Sorry :-/

    • by aclarke (307017)
      loose [reference.com]
      lose [reference.com]
    • by jopsen (885607)
      So did I... and it worked fine... I even wrote an email during the outage... And it was send now that gmail's up again...
      that said I wish GMail had a native client instead... Thunderbird or Evolution just doesn't cut it for me... They remind me way too much of my dad, who uses Outlook...
      Perhaps I ought to write a serious python frontend for GMail... With storage backend, and webmail-like GTK interface...
  • by trmanco (1344269) on Tuesday February 24, 2009 @11:01AM (#26969505) Homepage

    I always had access to my emails, just:

    Enable IMAP:

    http://mail.google.com/support/bin/answer.py?answer=77695 [google.com]

    and configure your email client:

    http://mail.google.com/support/bin/answer.py?answer=75726 [google.com]

    No Gmail fail for me...

  • small subset? (Score:3, Interesting)

    by imbaczek (690596) <imbaczek&poczta,fm> on Tuesday February 24, 2009 @11:03AM (#26969529) Journal
    apparently half of europe is a small subset of their users, way to go!
  • I see a lot of people here complaining about a non-issue. Google offers offline access for Gmail, Google Docs and several other services. Simple go to settings>labs>offline access in Gmail and enable. It's simple and free.

  • by PPH (736903) on Tuesday February 24, 2009 @11:10AM (#26969605)

    ... no actual users were harmed during this incident.

    Following the cracking of GMail's Captchas and the amount of spam I've seen with a GMail address, I'm guessing that the only things that were knocked off like were bots.

    • parent is funny, but should be modded insightful.

    • by Inda (580031)
      I haven't noticed yet.

      If the family have sent me emails, they'll wait.

      If Blockbusters, Ebay, PayPal, My Bank, Slashdot Mods, BBC, subscribed newsletters, and the rest have sent me email, I'm sure it'll wait.

      If a long lost friend has tracked me down and sent me an email, he'll wait.

      If any of the 200 spam vendors have sent me email, they'll get the same long wait as usual.

      Since when did _personal_ email become so important that I need it 24/7? If any one is using gmail for business then they're a fucking donk
  • The gmail labs offline option is great, but it doesn't back up all of your mail; only several thousand messages. 95% of the time, that will leave you with what you need offline.

    Of course, it's that remaining 5% of the time...

  • My main computer still uses POP to download everything. In the others I use IMAP.
  • For about an hour last night I couldn't access anybody except Google and a handful of sites, apparently at random. I could ping the DNS servers but could not reach most sites. I restarted the DSL modem, my Netgear router, and my machines - no effect. Came back as suddenly as it disappeared.

  • by kellyb9 (954229) on Tuesday February 24, 2009 @11:16AM (#26969695)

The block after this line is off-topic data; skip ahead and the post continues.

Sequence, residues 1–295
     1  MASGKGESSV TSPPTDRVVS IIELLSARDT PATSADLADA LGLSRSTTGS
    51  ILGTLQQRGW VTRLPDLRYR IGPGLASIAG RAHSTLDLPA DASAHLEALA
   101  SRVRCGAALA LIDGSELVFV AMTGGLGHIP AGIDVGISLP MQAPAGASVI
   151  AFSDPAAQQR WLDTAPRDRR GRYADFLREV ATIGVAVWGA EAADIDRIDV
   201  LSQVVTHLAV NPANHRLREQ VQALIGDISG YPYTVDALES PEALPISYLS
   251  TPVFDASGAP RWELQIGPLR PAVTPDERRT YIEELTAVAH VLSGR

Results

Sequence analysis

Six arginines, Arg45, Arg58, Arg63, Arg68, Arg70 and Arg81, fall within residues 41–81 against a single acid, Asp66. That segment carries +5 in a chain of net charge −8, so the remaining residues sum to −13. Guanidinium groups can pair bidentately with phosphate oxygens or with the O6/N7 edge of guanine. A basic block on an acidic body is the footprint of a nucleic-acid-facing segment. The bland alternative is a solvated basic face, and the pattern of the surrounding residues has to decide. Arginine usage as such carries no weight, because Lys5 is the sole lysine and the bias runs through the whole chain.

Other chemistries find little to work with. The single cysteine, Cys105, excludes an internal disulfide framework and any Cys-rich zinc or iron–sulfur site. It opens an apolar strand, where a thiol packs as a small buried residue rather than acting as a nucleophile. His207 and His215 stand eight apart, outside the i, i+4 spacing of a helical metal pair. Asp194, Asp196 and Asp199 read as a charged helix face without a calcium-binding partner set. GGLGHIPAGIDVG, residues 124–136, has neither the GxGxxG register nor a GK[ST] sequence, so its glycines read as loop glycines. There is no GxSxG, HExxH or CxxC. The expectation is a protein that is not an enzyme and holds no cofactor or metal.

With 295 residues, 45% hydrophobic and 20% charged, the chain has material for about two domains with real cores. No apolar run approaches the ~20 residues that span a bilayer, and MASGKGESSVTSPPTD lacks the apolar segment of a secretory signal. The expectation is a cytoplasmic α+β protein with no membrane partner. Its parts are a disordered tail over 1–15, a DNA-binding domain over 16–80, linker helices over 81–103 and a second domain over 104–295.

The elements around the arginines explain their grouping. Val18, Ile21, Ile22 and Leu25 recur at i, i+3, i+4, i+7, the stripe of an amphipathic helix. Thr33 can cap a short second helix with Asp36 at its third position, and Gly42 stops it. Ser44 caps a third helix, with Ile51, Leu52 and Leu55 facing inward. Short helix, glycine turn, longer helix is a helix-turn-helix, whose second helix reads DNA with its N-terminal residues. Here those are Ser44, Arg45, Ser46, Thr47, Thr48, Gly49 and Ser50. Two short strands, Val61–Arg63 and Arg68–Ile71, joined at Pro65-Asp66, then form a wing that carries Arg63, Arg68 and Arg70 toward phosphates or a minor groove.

Come on guys? what do you expect, it's still in beta testing.
    • I'm curious if any of the paying customers, non-beta, were affected. Not curious enough to RTFA though.

  • by slim (1652) <john@ha[ ]up.net ['rtn' in gap]> on Tuesday February 24, 2009 @11:26AM (#26969813) Homepage

    "Do you trust that the site of your web-based e-mail provider will never go down?"

    No, you trust that it'll never go down *for long*, and that when it comes back, your data will still be there.

    Over the years, GMail has had way better uptime than anything I could have constructed myself, and the cost to me has been negligible.

  • by dotancohen (1015143) on Tuesday February 24, 2009 @11:43AM (#26970049) Homepage

    ...don't go down.

    • Since you seem to know so much about it, why don't you start a web based email service. Then attract millions of users worldwide and then guarantee 100% uptime. That should be easy for a nice guy like you. Right?
  • by EddyPearson (901263) on Tuesday February 24, 2009 @11:49AM (#26970137) Homepage

    I am a business customer of Google's. We use their apps and e-mail package.

    "99.9% Gmail, Google Calendar and Google Talk uptime SLA"

    The service was down for over 45 minutes, how do you think google will react to a refund request? I'm probably not going to make one, but do you think many people are? Has anybody here? How did it go?

  • I've been locked out of my gMail account for two weeks, and nothing I do will get it back. Google thinks the account belongs to someone else and that I've hacked into it. You'd think that the fact that I haven't written of opened any emails in it since I started trying to get access back might clue them in.

    Come to think of it, I'd better change my slashdot default email.

  • I gave the Imap access a shot with Kmail and although it worked pretty decently, I'm actually happier with the Pop3 access for the simple reason that I've got a local copy of the message on my system. As to whether I want Gmail to delete anything, hell no it's very nice to know that I have copies of all my gmails and can download everything again should I have a system failure on my end.

    • by RGRistroph (86936)

      Imap access can also allow you to keep a local copy of all emails, in fact that's the way it is most often set up.

      I prefer to set up imap, but that's because in my case I control the server, and keeping the mail on the server in one big spool file (which is how most pop servers do it) gets slow and clumsy. Keeping it in Maildir format is better. Of course you can provide pop access regardless of how the mail is stored, with courier or any other modern server. I would immagine that gmail uses custom code

  • by ReadParse (38517) <.john. .at. .funnycow.com.> on Tuesday February 24, 2009 @02:53PM (#26973299) Homepage

    Gotta get people using it somehow :)